float angle = Vector3.SignedAngle(actorDirection, NorthDirection, Vector3.up);

        Vector3 ribbonPosition = ribbon.transform.localPosition;                   
        ribbonPosition.x = angle * _angleMultiplier;
        ribbon.transform.localPosition = ribbonPosition;           
    }       
}

The script is pretty simple. We need three variable for the inspector: 

  • The direction of the north: as default, I set it to Vector3.forward.
  • The actor transform. We’ll compare it’s forward direction to the north direction.
  • The ribbon. This will be a GridLayoutGroup.

We also need a private variable to store the angle multiplier. I’ll explain it later but first, let’s see what this script does.

  1. Calculates the angle between the actors forward and the north direction.
  2. Then sets the ribbon position in a way to show the right letter.

I’m using text game objects for the letters and for the separators (—). Each of these cells has the same width value, defined in the GridLayoutGroup.

Between North and North West there is 45 degrees difference in angle. If I’m staying in the center of the N letter, I have to move 2 cells:

  • I move the ribbon half cell to arrive at the start of the separator.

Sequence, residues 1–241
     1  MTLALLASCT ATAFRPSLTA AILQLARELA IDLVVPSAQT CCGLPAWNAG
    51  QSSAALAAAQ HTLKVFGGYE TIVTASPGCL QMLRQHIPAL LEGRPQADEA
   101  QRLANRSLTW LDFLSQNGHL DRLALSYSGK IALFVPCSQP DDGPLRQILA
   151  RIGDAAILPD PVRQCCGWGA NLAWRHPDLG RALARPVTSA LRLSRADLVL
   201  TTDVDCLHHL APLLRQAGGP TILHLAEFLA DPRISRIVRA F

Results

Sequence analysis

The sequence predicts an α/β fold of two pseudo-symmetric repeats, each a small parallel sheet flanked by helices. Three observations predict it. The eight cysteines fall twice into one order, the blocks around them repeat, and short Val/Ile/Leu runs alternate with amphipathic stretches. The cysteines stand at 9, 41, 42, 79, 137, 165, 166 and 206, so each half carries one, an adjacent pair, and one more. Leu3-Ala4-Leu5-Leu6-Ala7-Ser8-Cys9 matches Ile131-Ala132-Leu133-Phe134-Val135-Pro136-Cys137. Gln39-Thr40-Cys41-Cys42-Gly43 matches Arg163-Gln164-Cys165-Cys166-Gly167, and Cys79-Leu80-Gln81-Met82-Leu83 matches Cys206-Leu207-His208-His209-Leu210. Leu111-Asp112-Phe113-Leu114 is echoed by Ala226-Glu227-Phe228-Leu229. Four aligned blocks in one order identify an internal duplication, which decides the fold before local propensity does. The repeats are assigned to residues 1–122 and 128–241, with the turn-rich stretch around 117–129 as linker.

• One full cell (the separator).
  • Half cell again to reach the center of the NW cell.

That’s being said, every 45° needs to move the ribbon with 2 cell width. Instead of calculating each time in the update function, I precalculate this and store it on the _angleMultiplier variable.

How to use the component

The component you can download from the Gumroad (for free) has a slightly better inspector, and also contains the color changing feature.

  • North Direction: this is a world direction. As default it is the Vector.forward (0,0,1) direction
  • Actor: This is the transform which forward will be used to determine the facing of the player.
  • Marker UI Image that will change the color based on the direction
  • Ribbon: The Grid Layout Group that contains your cells.
  • Special direction: The script will change the marker color from the default to the special when the Actor faces to this direction.
  • Color Blend: With this curve, you have more control how the two color should blend into each other.

Shadowdancer Devblog
Week 6 – Throwing out the project

Last week we finished the playable prototype, and during the weekend we gave it to our friends to test it. Now it’s time to throw everything out and start to build it up once again. No. I’m not joking, and I’ll explain it in a moment, but first, let’s talk about what we learned from the playtesting.

Playtest result of the prototype